Sunday, October 5, 2008

A comparison among Erikson, Piaget, & Vygotsky

A comparison among Erikson, Piaget, & Vygotsky

By Melissa Hofmann
EDI 600 Psychological Foundation of Education
School of Education
Long Island University, C. W. Post
September 22, 2008

The focus of today’s class was the psychological and cognitive theories of Erickson and Piaget. I really found the learning cycle, according to Piaget, an interesting notion. I like the use of the words equilibrium and disequilibrium as they relate to the process of learning. I find this cycle characteristic of my motivation for learning. I need balance, structure and explanations in my life. I would describe myself as anal retentive, to the point of mild OCD. Therefore, I particularly detest unbalanced situations in which I have no control or when I can’t make sense of my surroundings or figure out a task at hand. In these scenarios, I struggle to regain balance and order in order to decrease my levels of stress and anxiety that inevitably result from an unfamiliar experience.

On a personal note, I completely agree with Piaget’s theory of learning as motivation to achieve equilibrium and prevent states of disequilibrium. If I am faced with a new problem, I immediately feel the need to assimilate the new information to an existing scheme, or accommodate new information into a new scheme. These adaptive instincts are helpful means of restoring order and organizing. This helps my OCD! Adapting and reorganizing is sort of comparable to creating a never-ending flow chart or outline in one’s brain, and I perform better and am much more relaxed after organization occurs.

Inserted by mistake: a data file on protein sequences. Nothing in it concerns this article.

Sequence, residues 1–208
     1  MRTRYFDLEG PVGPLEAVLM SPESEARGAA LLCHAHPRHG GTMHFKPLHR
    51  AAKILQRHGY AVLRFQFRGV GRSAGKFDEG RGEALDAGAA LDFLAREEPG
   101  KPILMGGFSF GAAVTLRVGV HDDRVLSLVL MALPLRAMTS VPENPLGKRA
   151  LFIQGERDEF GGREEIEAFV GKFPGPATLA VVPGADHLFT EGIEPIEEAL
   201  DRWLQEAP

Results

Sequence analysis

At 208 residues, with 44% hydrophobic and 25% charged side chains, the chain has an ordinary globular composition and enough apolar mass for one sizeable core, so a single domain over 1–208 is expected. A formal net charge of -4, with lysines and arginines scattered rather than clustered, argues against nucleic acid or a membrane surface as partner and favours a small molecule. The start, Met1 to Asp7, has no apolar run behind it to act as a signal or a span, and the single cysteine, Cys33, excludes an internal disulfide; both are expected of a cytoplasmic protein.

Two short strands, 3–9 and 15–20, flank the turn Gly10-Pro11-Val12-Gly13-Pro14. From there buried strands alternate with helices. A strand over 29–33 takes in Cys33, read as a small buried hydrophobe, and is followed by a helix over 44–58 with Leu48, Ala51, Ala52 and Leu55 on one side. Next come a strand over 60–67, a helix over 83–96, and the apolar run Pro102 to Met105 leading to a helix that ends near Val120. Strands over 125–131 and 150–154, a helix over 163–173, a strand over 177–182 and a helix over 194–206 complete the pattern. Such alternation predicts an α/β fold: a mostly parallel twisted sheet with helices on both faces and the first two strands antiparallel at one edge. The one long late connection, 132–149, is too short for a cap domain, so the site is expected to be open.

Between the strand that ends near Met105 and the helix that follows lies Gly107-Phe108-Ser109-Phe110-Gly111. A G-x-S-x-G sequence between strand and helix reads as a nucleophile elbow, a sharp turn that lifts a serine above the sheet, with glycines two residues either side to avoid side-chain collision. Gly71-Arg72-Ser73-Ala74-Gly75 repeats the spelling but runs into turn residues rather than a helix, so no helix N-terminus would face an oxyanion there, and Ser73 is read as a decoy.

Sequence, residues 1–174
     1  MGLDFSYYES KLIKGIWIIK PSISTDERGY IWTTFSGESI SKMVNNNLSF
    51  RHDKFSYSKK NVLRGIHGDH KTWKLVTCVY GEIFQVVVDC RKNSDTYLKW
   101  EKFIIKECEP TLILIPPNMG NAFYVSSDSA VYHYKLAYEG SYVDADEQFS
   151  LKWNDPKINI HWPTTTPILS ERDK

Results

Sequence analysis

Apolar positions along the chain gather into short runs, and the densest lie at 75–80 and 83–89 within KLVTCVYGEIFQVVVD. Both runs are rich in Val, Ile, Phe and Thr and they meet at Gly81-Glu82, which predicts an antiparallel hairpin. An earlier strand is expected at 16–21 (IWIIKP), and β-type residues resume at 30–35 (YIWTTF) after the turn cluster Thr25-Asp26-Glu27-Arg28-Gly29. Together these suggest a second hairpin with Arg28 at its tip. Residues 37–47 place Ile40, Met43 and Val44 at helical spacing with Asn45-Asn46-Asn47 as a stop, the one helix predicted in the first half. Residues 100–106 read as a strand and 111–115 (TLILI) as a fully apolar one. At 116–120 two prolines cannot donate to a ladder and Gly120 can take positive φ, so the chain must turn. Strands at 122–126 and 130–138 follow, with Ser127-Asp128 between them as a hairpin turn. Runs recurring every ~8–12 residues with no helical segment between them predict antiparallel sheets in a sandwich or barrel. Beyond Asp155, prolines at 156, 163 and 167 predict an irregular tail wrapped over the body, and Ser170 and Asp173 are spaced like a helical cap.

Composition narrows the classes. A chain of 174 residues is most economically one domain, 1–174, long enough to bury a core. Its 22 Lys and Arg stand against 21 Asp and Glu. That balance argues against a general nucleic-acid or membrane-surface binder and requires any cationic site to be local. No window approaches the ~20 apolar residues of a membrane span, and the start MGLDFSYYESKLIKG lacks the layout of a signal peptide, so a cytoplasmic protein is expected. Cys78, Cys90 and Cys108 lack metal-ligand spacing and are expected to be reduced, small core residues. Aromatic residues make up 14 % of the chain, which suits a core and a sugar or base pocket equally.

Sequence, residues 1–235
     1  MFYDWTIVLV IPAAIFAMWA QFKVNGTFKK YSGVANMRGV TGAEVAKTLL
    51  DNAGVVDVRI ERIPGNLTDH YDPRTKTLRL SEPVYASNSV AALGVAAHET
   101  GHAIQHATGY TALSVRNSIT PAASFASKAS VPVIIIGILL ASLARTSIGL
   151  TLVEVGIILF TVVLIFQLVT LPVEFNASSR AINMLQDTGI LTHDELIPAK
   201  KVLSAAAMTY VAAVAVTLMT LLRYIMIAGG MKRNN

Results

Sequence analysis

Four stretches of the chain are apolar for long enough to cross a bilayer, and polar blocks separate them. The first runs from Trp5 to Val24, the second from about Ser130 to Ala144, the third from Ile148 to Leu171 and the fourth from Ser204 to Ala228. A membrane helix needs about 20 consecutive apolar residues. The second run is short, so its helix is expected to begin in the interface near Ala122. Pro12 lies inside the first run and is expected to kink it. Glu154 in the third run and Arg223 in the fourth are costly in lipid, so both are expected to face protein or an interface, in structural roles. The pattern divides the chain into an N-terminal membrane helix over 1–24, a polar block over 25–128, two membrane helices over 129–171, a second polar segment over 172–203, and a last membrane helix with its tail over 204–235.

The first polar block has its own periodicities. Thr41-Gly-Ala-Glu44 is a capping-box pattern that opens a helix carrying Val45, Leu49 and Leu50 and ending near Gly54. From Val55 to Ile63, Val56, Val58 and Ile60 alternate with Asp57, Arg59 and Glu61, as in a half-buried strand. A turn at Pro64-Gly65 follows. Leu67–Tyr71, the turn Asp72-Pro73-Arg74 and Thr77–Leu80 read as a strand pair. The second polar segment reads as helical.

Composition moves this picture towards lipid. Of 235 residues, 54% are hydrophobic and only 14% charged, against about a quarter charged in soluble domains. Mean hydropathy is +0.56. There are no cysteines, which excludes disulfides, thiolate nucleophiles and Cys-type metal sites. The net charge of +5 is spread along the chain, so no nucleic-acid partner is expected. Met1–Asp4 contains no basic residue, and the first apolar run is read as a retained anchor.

I also agree more with Erikson. I think it is vital as future teachers to be supportive, caring and understanding. I feel there are a variety of ways to motivate children but, in my opinion, embarrassment or punishment are not the appropriate actions for teachers to take. This will not, under Erickson’s theory, facilitate industry or enhance a child’s self-worth or self-concept.

There can be some questions raised regarding certain points of both theories, however, both Piaget’s and Erikson’s theories offer valuable insight into the psychological and cognitive development of human beings. I think there is much to be gained from both perspectives and a combination of the two, plus portions of Vygotsky’s theory, might create an even more ideal theory.

I look forward to discussing Vygotsky’s viewpoints next week, as I too believe that a person’s cognitive process is shaped by cultural and social factors as well. I also believe in Vygotsky’s zone of proximal development and the idea of mediation- when those more intellectually advanced help the less intellectually advanced learn better. All three of these theorists have much to offer in terms of psychological development and all three points of view are worth serious contemplation for those of us in the field of education.

No comments: